Arson Case Briefs
provided by the Bureau of Alcohol, Tobacco, and Firearms
for more information on this Brief, contact:
ATF, Arson and Explosive Programs Division - (202) 927-7930
Pacaccio's Hair Salon
February 5, 1996
A. IN: 53220-96-0015 E
B. CASE AGENT: Sharon K. Wheeler
C. FIELD DIVISION/OFFICE: Dallas/Group II Arson Task Force
D. PHONE: 214-767-0530
Assistant U.S. Attorneys
Northern Judicial District of Texas
At approximately 1:00 a.m. on February 5, 1996, an arson fire occurred
at Pacaccio's Hair Salon in Arlington, Texas. This salon was centrally located
in a strip shopping center that housed, among other things, an exotic (nude)
gentlemen's tanning salon and a bar. The fire caused approximately $50,000
in damages to the salon and over $200,000 in damages to the building and
other adjoining businesses. Investigation revealed that the owner of the
salon, Charles Nathaniel Thomas, had paid a coconspirator, Hardy Gene Parker,
$1,000 to set the salon on fire for insurance profits of $70,000 for contents
coverage. Parker, in turn, paid coconspirator John Irvin Jenkins $500 to
actually set the fire. After the fire, Thomas filed proof of loss statements
to Ohio Insurance Company to claim the insurance profits.
United States Code
Title 18, Section 844(i), Maliciously Damaging by Means of a Fire a Building
Involved in Interstate Commerce.
Title 18, Section 844(h), Use of Fire to Commit a Felony
Title 18, Section 371, Conspiracy
Title 18, Section 1341, Mail Fraud (two counts)
1. The owner, Charles Nathanial Thomas, let insurance on all personal
and other business assets lapse with the exception of the hair salon. He
paid the premium in full 3 weeks prior to the fire.
2. Thomas and his wife arrived at the fire scene within 15 minutes of
notification of the fire and appeared to be wide awake and clear headed
at 3:00 a.m. They lived approximately 18 miles from the fire site. The wife
was in full makeup, although they later told fire investigators that they
were asleep when notified about the fire.
3. The fire scene investigation revealed that the fire had been intentionally
set. There were five separate points of origin, all set with gasoline. The
insurance policy for the salon was laying alone on the office desk top,
as though someone had been reviewing it.
4. Interviews with employees and associates of the owner revealed that
the salon had been experiencing financial difficulties. Thomas was 1 month
behind on his mortgage at the time and had received an eviction notice.
5. Thomas owed vast sums of money to sports bookies in the Dallas area.
He had offered the salon to one bookie just prior to the fire as payment
for his debts. That bookie refused the offer and requested that Thomas find
some way to pay his gambling debts. He had invested approximately $90,000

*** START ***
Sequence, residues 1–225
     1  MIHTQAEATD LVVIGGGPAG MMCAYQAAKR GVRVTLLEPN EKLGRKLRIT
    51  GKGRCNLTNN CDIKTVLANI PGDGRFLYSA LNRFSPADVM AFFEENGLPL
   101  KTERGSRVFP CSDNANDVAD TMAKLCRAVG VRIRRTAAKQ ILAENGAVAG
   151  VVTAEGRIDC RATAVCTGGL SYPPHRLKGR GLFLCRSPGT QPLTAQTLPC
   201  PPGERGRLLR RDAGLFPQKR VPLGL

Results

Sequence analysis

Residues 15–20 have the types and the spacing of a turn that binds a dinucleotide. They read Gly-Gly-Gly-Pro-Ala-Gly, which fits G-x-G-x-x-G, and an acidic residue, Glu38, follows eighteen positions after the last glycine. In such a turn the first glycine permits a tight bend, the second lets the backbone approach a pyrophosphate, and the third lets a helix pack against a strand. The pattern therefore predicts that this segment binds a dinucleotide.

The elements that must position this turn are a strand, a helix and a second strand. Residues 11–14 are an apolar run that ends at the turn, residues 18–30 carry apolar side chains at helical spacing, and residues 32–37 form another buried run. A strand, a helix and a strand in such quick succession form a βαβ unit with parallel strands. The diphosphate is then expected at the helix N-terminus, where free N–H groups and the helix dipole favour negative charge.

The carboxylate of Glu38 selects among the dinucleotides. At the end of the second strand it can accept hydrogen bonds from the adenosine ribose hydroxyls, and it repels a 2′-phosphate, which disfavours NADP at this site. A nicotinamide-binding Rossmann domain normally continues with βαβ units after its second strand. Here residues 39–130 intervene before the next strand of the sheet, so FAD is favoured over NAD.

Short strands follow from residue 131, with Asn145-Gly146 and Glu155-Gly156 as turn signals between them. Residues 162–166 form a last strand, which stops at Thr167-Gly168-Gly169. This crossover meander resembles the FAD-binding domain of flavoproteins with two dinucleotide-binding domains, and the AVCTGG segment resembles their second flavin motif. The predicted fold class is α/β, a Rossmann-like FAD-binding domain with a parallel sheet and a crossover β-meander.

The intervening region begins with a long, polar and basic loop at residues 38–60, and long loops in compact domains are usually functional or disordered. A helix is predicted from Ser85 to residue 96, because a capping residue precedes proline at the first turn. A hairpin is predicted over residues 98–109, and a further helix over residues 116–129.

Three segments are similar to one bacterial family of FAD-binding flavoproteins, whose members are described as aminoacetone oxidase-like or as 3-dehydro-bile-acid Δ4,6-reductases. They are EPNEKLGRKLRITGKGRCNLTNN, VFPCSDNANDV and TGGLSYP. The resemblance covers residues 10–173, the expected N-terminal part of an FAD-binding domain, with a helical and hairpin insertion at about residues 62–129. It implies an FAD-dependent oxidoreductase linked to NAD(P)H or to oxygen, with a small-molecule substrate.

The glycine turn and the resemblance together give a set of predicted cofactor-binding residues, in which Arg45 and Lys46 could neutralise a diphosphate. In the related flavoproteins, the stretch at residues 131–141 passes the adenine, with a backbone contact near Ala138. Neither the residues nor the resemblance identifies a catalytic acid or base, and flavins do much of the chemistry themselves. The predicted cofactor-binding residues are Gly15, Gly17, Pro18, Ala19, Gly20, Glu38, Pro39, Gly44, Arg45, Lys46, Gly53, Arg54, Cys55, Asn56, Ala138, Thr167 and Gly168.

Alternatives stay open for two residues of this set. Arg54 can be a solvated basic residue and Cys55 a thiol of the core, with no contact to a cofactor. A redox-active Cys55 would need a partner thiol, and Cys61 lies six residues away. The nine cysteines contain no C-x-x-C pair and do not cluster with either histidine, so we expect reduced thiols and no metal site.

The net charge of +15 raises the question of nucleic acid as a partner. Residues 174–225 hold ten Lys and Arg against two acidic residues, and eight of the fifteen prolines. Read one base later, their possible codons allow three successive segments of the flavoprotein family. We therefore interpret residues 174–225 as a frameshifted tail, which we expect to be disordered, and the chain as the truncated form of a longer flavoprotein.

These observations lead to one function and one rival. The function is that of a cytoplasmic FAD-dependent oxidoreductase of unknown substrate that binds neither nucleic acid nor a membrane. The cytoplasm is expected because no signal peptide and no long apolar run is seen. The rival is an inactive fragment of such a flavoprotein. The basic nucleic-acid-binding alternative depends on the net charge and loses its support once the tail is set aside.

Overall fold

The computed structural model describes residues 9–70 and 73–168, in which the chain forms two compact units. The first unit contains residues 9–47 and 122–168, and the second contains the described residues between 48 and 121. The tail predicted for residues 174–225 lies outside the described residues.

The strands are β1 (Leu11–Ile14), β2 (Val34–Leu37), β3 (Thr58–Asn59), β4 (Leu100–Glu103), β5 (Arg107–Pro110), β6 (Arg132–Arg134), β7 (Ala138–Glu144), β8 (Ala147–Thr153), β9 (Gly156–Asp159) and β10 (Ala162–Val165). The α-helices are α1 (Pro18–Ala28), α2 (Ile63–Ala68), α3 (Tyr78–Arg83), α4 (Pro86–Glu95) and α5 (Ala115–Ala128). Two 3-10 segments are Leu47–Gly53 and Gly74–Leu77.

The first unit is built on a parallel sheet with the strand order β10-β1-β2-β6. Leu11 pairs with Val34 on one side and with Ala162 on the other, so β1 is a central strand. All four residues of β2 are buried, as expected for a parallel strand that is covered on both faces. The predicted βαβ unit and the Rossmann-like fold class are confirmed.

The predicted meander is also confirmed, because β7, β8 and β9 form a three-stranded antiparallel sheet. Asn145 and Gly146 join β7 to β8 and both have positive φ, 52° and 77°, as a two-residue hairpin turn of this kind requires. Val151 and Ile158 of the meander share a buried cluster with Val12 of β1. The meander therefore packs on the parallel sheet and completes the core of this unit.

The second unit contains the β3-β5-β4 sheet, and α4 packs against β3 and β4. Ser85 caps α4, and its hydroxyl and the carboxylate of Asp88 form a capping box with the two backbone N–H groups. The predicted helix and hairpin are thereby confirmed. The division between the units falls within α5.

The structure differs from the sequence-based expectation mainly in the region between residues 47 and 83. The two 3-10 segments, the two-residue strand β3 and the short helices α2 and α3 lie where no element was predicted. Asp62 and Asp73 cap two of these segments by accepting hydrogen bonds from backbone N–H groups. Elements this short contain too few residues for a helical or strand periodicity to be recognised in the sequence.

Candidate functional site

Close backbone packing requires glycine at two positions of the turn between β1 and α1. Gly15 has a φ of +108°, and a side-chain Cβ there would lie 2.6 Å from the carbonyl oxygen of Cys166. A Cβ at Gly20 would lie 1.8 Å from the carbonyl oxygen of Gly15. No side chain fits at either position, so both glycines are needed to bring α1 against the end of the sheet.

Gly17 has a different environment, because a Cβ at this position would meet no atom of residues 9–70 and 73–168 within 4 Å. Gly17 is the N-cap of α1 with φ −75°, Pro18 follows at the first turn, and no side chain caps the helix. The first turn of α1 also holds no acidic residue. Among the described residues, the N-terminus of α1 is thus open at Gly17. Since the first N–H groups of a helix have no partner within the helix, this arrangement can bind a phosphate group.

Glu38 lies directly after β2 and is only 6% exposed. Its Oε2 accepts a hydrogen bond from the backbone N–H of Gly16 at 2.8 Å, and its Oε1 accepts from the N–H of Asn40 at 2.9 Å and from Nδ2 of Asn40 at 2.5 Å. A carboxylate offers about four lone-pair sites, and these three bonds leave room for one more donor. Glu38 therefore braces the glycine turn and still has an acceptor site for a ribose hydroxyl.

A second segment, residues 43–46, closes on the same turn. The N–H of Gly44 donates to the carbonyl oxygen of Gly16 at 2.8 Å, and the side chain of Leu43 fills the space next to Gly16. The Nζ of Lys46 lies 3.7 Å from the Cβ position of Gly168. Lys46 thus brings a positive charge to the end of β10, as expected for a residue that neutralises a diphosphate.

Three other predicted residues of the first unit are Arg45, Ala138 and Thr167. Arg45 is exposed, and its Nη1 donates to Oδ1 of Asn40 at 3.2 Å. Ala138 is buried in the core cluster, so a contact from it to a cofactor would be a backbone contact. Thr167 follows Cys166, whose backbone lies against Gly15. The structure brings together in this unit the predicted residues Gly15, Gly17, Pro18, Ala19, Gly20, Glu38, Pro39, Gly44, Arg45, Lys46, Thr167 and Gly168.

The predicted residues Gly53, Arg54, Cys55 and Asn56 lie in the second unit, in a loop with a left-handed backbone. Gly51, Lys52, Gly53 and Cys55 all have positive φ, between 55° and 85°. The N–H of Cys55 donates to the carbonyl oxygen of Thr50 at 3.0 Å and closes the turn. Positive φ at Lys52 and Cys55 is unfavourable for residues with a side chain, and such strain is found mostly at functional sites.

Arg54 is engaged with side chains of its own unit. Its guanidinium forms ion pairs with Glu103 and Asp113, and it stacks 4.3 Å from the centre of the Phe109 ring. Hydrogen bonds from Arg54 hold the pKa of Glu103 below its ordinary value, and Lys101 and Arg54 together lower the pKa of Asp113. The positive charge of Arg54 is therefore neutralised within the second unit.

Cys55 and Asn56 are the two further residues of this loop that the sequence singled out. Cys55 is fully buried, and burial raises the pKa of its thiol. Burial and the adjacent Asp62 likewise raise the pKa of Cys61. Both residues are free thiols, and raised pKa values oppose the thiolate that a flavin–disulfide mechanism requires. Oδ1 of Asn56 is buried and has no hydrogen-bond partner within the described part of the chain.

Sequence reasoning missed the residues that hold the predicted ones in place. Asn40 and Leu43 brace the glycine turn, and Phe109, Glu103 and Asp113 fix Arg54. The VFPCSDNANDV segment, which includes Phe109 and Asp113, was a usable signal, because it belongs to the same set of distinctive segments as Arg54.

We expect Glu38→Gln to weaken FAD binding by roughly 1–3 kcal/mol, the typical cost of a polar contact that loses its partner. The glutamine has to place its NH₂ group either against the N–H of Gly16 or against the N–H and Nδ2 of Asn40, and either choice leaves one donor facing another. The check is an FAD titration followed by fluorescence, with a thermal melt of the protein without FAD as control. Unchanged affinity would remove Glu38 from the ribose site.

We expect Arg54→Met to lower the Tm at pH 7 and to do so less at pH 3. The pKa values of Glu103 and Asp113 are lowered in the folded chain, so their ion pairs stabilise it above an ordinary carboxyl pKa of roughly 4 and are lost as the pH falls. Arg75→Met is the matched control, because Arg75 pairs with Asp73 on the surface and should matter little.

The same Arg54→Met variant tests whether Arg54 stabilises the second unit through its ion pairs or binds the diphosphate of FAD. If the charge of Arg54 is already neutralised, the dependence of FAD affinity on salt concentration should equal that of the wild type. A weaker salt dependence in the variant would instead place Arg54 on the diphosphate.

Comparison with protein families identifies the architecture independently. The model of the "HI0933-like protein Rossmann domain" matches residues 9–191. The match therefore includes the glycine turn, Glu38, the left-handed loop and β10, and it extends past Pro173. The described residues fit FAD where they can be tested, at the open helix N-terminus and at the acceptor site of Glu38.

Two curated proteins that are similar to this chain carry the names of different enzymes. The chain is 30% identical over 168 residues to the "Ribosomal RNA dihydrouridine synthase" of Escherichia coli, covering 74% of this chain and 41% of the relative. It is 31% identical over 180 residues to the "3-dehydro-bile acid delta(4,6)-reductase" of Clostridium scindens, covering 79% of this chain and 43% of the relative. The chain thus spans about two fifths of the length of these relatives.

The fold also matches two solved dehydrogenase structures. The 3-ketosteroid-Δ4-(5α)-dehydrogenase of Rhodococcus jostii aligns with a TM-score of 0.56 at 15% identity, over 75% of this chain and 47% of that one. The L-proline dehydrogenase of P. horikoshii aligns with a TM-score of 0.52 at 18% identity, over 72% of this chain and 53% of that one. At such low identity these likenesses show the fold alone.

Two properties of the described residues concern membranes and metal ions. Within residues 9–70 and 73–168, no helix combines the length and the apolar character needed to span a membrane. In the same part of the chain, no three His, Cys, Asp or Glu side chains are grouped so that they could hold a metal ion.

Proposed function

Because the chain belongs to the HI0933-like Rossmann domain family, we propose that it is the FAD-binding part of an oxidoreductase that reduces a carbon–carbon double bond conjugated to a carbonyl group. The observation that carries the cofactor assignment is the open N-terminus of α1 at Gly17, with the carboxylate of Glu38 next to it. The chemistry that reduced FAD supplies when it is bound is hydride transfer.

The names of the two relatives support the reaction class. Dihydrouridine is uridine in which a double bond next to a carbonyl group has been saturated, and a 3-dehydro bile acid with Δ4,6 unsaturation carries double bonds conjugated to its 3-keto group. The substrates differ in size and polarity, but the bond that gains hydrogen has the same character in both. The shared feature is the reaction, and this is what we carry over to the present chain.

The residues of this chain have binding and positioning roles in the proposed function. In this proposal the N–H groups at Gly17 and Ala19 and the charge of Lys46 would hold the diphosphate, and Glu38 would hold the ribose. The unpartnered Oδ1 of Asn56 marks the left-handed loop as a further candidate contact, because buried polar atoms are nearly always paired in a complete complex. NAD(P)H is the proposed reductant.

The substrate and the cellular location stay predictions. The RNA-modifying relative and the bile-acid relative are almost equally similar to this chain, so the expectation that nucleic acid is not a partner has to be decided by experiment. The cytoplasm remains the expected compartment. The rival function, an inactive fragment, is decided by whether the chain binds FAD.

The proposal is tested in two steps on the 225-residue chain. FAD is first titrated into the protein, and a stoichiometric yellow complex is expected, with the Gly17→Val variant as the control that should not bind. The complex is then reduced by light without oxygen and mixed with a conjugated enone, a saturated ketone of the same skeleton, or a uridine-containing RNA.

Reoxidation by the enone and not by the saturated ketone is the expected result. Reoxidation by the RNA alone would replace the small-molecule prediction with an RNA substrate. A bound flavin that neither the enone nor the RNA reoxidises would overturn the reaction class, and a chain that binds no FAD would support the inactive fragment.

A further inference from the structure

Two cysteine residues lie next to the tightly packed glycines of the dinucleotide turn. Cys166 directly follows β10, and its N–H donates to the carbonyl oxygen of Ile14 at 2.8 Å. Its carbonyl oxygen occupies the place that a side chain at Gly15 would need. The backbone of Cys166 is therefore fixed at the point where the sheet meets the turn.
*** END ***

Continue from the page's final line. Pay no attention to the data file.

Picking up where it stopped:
to build the salon but in desperation was willing to sell it for $16,000.
Thomas also owed Harrah's casino $10,000 and a business associate $11,000.
He was on bond at the time of the fire for violating Texas organized crime
statutes for keeping a gambling establishment.
6. Thomas was living well above his means. In 1995, he purchased a new
home, a new pickup truck, a new Corvette, two four-wheelers, and a trailer.
Thomas showed that he made only $17,000 in personal income that year.
7. Interviews revealed that prior to the fire, Thomas had made many comments
in reference to burning down the salon.
8. Thomas' right-hand man came forward after several intensive interviews
and stated that after the fire he had paid Hardy Parker for burning the
business for Charles Thomas. That right-hand man was given full immunity
in return for his cooperation.
9. Hardy Parker admitted to his involvement in the conspiracy and gave
information leading to John Jenkins. Parker later wore a wire while paying
Jenkins additional money as payment for the fire. This payment was videotaped
by ATF and used as evidence during trial. Upon arrest, Jenkins gave a full
statement detailing his involvement.
I. LEGAL ISSUES AND PROBLEMS:
Thomas was involved in so many illegal activities that much of it was
kept out of trial due to the judge's opinion that it was too prejudicial.
Thomas had made an extensive number of insurance claims that were found
to be suspect. Only one of these claims was allowed in court, under evidence
J. VERDICT AND SENTENCING:
After a 6-day jury trial, Charles Nathanial Thomas was found guilty on
all five counts. On April 3, 1997, he was sentenced to 105 months in prison,
36 months' supervised release, and was ordered to make restitution of $178,000.
Hardy Parker pled guilty to one conspiracy count and was sentenced February
4, 1997, to 18 months imprisonment followed by 36 months' supervised release.
He was also ordered to pay $178,000 restitution.
John Irvin Jenkins pled guilty to arson and conspiracy and was sentenced
March 27, 1997, to 30 months' imprisonment and 36 months' supervised release.
Due to ill health, Jenkins was not required to pay restitution.